There were only 2 times when our earthly human element of time impacted our timeless God, the first was the creation and the second was giving Jesus from his birth to the empty grave.  An agonizing wait and an unimaginably sacrificial act. For Jesus was a part of a community, a community that built him up, encouraged him through, and loved him fully – this community was first the Godhead and then an earthly community, an extended family, of humans.  He too, in the same way as us, suffered greatly without the encouragement of those communities.

Today, we look at an example of this encouragement and building up each other spoken of by Paul to the church at Thessalonica.  It is not an example from Jesus words to his followers or his moments with those closest to him, nor is it from the apostles letters and travels to lift up the believers.  Instead, it comes from the book of Judges and ultimately culminates with a hammer, a tent peg, and a woman willing to do what needed to be done in order to build up those who were in the greatest need of encouragement, deliverance, and hope.

It is the story of two exceptionally strong women, who, in today’s vernacular would probably be referred to as beasts – not because of their appearance or presentation.  Beast, because in a society that dismissed women, these women did all that needed to be done, in faith and action to listen and act on the words from God, to encourage and build up a leader to go to battle against an oppressive and warring neighbor, with a people against their fiercest enemy.

It is also a tale of a man who was not afraid to depend on his community to build him up and encourage him along in the times when he knew he could not succeed without his community.

Let’s begin with a little context, after the death of Joshua who lead the Israelites into the promised land, the leadership fell to individuals called Judges who would literally the judge of disputes among the people and they would lead the people when leadership was needed.  The first three judges reigned for approximately 138 combined years after the death of Joshua – Othniel, Ehud and Shamgar, all were men. By the time the fourth judge was in the position of authority, a woman named Deborah, the Israelites had turned from God who was in the process of correcting them through the brutal oppression and attacks from Canaan King Jabin and his sadistic military leader Sisera.

Then, the moment God was waiting for, it is the moment that God still waits for, the moment when we, as humans, realize that our hope and deliverance is not in our selves, it is not in our rulers, it is not in our institutions, it is not in our power, it is in God – it is in God alone.  It was at that moment, as it is always in that moment, God set into motion the plan that was already in place – God heard and God acted.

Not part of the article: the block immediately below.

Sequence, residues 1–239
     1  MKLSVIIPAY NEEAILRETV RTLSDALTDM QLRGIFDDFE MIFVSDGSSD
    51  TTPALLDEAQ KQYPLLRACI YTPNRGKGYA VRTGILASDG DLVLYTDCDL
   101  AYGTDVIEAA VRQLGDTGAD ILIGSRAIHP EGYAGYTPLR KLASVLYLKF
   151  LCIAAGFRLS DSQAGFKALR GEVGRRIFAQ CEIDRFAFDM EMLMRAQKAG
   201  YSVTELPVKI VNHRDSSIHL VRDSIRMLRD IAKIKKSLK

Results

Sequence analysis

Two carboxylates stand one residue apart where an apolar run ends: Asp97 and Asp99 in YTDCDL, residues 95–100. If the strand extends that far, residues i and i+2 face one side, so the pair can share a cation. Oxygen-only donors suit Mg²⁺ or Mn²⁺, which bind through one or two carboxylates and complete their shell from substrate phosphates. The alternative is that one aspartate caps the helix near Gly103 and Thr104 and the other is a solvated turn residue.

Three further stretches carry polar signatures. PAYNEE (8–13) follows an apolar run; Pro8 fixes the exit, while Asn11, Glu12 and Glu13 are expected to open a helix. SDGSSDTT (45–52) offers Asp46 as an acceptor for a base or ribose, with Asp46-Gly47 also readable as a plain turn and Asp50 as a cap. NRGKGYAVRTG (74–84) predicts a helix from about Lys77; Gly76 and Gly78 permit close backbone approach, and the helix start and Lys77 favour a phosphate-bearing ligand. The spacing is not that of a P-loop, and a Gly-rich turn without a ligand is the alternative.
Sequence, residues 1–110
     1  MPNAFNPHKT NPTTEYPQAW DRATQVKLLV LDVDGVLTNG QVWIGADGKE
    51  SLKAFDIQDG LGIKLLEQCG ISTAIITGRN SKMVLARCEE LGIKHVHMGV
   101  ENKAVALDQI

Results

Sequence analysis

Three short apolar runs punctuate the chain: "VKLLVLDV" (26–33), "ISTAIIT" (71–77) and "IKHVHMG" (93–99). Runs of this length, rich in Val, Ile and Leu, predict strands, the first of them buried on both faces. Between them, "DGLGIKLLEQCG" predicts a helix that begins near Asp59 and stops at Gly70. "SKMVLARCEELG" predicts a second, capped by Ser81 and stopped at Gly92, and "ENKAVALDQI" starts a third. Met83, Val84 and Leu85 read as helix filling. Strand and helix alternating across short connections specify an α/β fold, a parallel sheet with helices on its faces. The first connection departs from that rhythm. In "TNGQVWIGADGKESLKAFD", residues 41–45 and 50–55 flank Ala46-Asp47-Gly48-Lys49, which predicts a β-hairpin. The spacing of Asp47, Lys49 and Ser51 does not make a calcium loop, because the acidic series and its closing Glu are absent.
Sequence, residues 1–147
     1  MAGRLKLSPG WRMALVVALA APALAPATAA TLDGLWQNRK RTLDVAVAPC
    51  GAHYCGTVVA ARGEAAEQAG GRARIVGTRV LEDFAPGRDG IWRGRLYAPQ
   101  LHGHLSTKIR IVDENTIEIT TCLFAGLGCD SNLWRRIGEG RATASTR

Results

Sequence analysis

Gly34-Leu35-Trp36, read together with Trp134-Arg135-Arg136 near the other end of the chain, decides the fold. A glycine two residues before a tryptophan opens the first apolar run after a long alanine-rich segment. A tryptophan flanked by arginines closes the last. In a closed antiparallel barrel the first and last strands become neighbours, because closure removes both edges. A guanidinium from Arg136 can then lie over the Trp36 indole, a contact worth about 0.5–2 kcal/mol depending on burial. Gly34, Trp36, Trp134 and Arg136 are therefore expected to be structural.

God began with Deborah, the prophetess and judge.  The wife of a man whose surname was Lappidoth; a name that meant lightning and a torch. Not only was Deborah’s surname defining her as power and light, she was also a faithful follower of God, a woman whose confidence was in God, a human who was chosen to speak for God, a beloved who was willing to be used by God.

‘Speak this to the leader Barak’, God instructs Deborah.

So, Deborah does as Deborah always does, she obeys God and speaks to Barak. ‘God, the God of Israel, commands you: Go to Mount Tabor and prepare for battle. Gather ten thousand fighters. I’ll take care of getting Sisera the commander of Jabin’s army, to the Kishon River with all his chariots and troops. I WILL make sure you win the battle.’ 

Barak said to Deborah, ‘If you go with me, I’ll go. But if you don’t go with me, I won’t go.”

Deborah said, ‘Of course I’ll go with you. But you need to know now that there’ll be no glory, nor public acclaim for you. Instead, God will use a woman to take get rid of the commander Sisera.”

Sometimes we can see more in what is not said than in what is actually said.

I have never heard this passage preached, and quite honestly I have never preached this passage without labeling Barak as a coward.  Usually, our own biases, insecurities, and prejudices keep us from seeing truth that is right in front of us.  Most of the time we let our own closed minds keep us from opening up amazing gems that are right in front of our nose.  Instead of this story depicting a slam on gender, it is not really a story of gender at all, nor is it really about the manly action of going to war.  It is in fact a story of the need of all of us to be ready to permit someone else to be the light that God leads us with, a directional sign that leads us to the path and keeps us on course.